What If Rural Really Mattered?

In this series we have talked about a few farms, towns, and counties, and the people who live and work there, that give a glimpse of what it would look like if rural really mattered. This month we examine what might cause such a sea change.

If rural America really mattered, there would be a lot more people like Linus Solberg and Greg Brokaw living there.

Essay: Technical College Emphasizes Entrepreneurship and Business

Teachers who know about entrepreneurship, students graduating with a business plan in hand – this is innovative rural leadership

Weldon Sleight could teach universities and government agencies some things about serving rural people. Sleight heads the College of Technical Agriculture in Curtis, Nebraska, which has taught generations of students on subjects ranging from production agriculture to veterinary science. Recently he made some farsighted changes.

House Payment Limitations

U.S. House Agriculture Committee members claim they tightened payment limitations in their farm bill. In fact they kept unlimited multi-million dollar loan deficiency payments made when crop prices are low and raised the limit on direct payments made regardless of crop prices.


Nebraska holds I-300 hearings to examine implications for the future; Iowa turns down several large hog confinement proposals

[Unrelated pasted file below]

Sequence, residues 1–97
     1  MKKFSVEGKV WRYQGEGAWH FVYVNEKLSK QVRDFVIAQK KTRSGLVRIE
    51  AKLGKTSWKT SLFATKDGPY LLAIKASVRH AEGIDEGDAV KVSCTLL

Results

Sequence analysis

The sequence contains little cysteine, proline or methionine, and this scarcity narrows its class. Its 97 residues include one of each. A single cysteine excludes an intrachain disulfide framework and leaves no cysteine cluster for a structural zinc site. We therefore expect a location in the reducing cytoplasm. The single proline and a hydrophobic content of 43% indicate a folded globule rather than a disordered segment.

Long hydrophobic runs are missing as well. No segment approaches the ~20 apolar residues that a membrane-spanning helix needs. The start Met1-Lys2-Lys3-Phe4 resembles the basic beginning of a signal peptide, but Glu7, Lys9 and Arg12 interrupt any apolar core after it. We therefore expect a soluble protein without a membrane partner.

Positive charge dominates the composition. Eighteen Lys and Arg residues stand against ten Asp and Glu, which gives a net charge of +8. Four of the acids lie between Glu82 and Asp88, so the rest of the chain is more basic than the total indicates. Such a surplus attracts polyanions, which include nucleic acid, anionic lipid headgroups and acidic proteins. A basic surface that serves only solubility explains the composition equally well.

>> In 2007 the Nebraska Legislature enacted Legislative Resolution 93, introduced by Senator Phil Erdman, in response to Nebraska’s constitutional regulation of corporate farming being declared unconstitutional in federal court. This was an Interim Study Resolution to “examine implications for the future structure, development, and progress of agricultural production in Nebraska.”

What I Learned at the Center - Liz Lesher

Liz Lesher was a summer intern, working with our policy and outreach teams. Liz is a senior at Smith College in Northampton, Massachusetts, majoring in Religion and Biblical Literature. She is originally from Columbus, Ohio. Here is what Liz had to say about her time at the Center.

I spent 10 weeks working at the Center for Rural Affairs. I’ve learned more than I could have imagined about the complex economics that affect rural communities and more than I’d like to know about how hogs are slaughtered. I’ve learned that politics isn’t about the best policy. I’ve heard politicians evade questions so well you would think they were paid to do it.


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